January 24, 2013The stronger tree preservation ordinance that the Greensboro City Council has indicated it wants to pass in response to a recent rash of neighborhood clear-cutting by Duke Energy seems to be in limbo
Councilmember Nancy Vaughan said she objects to the fact that Duke Energy has representatives on the work team that presented recommendations to the council on Jan. 15, because the team may be involved in developing the tree preservation ordinance.
"I think it should be made up of different stakeholders," she said.
"We have to make sure the community is well represented," Vaughan said.
While Vaughan said she acknowledges the necessity of some of Duke Energy's line-clearing activities, she said, "We have to realize that this is a situation of Duke's making."
"To me what's happened is they did neglect their trimming and now they're coming back and we are bearing the brunt of that," she said.
Vaughan said she would be in favor of an appeals process for residents whose trees are targeted for pruning or removal.
"An ordinance without an appeals process isn't quite as strong as I'd like to see," she said.
According to the franchise agreement between Duke Energy and the City of Greensboro, Duke Energy is required to obey the ordinances of the city. However, whether or not that franchise agreement would give Greensboro the legal authority to order Duke Energy, which is regulated by the North Carolina Utilities Commission (NCUC), not to cut down trees is less clear.
In a memo to councilmembers, City Attorney Mujeeb Shah-Khan wrote, "We understand that if there is a conflict between a municipal ordinance (such as a tree protection ordinance) and NCUC's decisions or orders, related to the furnishing of utility services, the NCUC's decisions or orders will control."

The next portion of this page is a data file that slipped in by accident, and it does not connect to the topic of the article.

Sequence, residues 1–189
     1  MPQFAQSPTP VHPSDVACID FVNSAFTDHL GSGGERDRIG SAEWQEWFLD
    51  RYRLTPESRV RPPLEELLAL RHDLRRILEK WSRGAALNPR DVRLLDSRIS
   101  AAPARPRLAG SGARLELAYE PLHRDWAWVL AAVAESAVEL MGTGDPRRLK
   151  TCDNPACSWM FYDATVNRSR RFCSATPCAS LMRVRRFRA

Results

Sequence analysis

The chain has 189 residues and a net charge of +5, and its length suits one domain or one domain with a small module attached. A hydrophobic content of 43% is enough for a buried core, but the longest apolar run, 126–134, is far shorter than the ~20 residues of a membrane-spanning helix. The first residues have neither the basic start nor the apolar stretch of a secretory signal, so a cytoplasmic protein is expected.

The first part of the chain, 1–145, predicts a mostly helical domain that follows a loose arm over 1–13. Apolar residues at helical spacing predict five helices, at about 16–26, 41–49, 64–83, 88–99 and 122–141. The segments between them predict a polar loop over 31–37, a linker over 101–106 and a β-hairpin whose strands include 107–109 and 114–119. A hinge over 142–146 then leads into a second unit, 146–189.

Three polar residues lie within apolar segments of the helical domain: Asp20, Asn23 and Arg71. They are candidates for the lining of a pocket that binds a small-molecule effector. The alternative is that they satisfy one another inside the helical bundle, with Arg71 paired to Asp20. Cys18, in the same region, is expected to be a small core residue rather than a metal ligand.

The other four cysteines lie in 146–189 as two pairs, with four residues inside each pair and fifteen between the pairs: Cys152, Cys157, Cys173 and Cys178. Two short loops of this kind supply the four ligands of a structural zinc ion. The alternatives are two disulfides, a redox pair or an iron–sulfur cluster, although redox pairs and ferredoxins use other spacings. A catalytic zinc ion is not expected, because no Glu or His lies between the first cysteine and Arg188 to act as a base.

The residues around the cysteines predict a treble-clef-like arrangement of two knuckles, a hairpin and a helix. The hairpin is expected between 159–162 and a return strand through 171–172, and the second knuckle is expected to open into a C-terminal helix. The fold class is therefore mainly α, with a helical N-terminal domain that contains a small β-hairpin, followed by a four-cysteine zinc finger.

Shah-Khan said that if the City of Greensboro told Duke Energy not to cut down a tree, Duke could comply by pruning the tree drastically but leave it standing, or they could go to the NCUC to argue that the city's order conflicted with their ability to deliver power.
Shah-Khan compared the relationship to a child asking his mother for something, being denied, and asking his father to get a different answer.
"They can always go to their authority figure to decide what conflicts," he said.
Shah-Khan said the city is one of several authority figures over Duke Energy. He went on to say that Duke Energy answered to NCUC as well as the Federal Energy Regulatory Commission.
Shah-Khan said the city hoped that enhanced communication would prevent the need for legal disputes. He said Duke Energy had been very cooperative with the city, even agreeing to suspend residential tree cutting operations. "They didn't agree the first time but the second time we said stop, they did," he said.
The first request came in the form of a letter to Duke Energy asking them to suspend line-clearing operations for 90 days, and was ignored. The second request came in the form of a resolution by the City Council to issue a cease-and-desist letter, a letter that was never issued.